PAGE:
The large colossal squid is thawing . . . meanwhile, we are currently setting up for the dissection this afternoon. The scientists will be dissecting the smaller, damaged colossal squid. The dissection table has had to be changed because the colossal squid is a lot wider than the giant squid we
Mark Fenwick and Kat Bolstad are in the tank carefully cutting the landing net away from the thawing squid. Fortunately the squid is still partially frozen and is floating, which makes the task much easier. The beak of the colossal squid has been exposed as the flesh thaws. Preliminary measurement
While the large colossal squid thaws the scientists are continuing their examination of the other ‘smaller’ colossal and the giant squid. Dr Kubodera with the beak of the giant squid: By measuring beak size of these specimens, we can calculate the size of other specimens of beaks found in the
The colossal squid specimen has been slowly thawing overnight. Shortly we will assess how far it has progressed and add another tonne of ice, as the temperature of the water has been creeping up and is above 8 degrees centigrade. We had hoped for a good Wellington southerly with air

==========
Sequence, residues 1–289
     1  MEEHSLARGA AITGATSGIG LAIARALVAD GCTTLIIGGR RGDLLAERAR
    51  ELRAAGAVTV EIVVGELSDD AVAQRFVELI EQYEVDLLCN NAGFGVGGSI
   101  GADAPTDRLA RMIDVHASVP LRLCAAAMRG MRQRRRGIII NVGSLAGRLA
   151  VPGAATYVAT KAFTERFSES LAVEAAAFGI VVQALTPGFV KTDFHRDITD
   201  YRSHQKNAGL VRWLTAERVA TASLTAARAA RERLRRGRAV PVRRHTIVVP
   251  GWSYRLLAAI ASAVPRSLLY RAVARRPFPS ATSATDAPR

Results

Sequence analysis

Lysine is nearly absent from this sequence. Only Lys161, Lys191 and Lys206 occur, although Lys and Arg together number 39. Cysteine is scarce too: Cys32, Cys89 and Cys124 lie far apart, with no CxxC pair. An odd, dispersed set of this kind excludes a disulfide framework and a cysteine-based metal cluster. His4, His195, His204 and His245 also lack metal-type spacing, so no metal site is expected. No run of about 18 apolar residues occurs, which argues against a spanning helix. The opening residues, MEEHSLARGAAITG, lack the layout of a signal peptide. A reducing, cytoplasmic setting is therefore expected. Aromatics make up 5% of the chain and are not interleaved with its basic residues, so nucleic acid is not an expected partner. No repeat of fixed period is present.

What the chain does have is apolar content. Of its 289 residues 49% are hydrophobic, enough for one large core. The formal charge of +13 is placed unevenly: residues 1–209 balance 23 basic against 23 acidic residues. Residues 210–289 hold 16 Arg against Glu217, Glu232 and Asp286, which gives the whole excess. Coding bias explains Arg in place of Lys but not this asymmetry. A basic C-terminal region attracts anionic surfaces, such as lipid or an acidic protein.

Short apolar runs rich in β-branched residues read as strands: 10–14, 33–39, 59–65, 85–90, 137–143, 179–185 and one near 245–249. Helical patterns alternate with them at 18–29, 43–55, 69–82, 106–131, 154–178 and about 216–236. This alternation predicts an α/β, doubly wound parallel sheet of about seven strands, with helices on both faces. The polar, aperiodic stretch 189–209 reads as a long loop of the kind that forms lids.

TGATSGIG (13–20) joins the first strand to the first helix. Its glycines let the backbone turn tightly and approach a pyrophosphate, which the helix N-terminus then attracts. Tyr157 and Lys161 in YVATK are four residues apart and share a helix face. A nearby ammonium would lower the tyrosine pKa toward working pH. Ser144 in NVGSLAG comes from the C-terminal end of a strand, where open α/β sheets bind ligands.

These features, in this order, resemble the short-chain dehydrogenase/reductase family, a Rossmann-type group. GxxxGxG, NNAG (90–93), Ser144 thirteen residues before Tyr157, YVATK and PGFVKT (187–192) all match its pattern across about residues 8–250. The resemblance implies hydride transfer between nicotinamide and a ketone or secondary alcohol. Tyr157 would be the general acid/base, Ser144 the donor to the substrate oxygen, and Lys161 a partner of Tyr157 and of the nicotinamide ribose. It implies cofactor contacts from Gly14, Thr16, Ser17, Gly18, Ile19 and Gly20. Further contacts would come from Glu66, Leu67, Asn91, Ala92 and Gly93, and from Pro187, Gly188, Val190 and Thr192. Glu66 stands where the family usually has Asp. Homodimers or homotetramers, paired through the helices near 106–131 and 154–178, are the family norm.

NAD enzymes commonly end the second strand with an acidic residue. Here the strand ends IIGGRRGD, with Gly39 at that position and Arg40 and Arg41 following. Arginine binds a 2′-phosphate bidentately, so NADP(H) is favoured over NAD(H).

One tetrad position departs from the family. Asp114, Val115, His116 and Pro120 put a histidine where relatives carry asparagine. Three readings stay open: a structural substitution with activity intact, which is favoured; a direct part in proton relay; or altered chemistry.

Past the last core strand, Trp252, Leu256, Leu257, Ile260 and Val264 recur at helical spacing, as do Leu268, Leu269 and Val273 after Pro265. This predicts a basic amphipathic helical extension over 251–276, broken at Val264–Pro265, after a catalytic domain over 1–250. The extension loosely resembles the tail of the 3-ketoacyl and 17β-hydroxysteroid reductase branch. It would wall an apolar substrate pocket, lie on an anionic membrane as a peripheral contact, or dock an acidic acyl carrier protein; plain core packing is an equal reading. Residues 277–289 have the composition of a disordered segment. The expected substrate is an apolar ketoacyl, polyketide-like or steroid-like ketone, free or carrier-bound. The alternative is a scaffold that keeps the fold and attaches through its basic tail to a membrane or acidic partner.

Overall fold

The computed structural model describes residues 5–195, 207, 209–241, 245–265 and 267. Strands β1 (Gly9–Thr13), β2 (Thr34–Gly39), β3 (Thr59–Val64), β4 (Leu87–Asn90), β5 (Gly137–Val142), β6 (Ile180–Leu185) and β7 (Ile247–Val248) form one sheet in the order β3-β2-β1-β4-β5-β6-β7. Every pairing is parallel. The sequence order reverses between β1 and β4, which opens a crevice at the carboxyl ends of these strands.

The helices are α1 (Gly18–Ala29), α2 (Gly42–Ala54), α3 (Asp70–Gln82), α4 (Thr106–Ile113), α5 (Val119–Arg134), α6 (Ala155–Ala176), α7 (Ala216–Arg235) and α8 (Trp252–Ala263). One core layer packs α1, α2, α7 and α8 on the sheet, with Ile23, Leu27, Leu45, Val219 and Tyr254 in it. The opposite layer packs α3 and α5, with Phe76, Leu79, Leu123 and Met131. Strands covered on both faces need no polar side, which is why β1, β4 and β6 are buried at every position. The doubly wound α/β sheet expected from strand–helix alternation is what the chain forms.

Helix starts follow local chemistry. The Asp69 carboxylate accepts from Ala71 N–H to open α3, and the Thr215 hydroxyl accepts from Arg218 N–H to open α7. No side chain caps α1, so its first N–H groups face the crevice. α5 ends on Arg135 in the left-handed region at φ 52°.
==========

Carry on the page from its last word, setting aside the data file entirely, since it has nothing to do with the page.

Preparations for the colossal squid thaw are well underway, with construction of a temporary tank with a capacity to hold 10,000 litres of preservative. The tank is being built by Te Papa’s building services team and is 6.5 m long by 2 m wide. The logistics for moving the frozen
Not all war memorials are monumental or made from marble. While I was reading Ann Beaglehole’s Eastbourne: A History of the Eastern Bays of Wellington Harbour, I discovered details of trees planted by the community to remember World War One (WWI) and those who lost their lives. In July 1916
One of the topics we’ll be exploring in the upcoming 20th Century History exhibition will be the impact of First World War deaths on New Zealand society. More than 18,000 New Zealand soldiers died overseas during the war, but very few of their bodies came back, so the way in
When a sperm whale strands it’s a major event. For Māori it is sometimes seen as a tohu, or sign of something significant.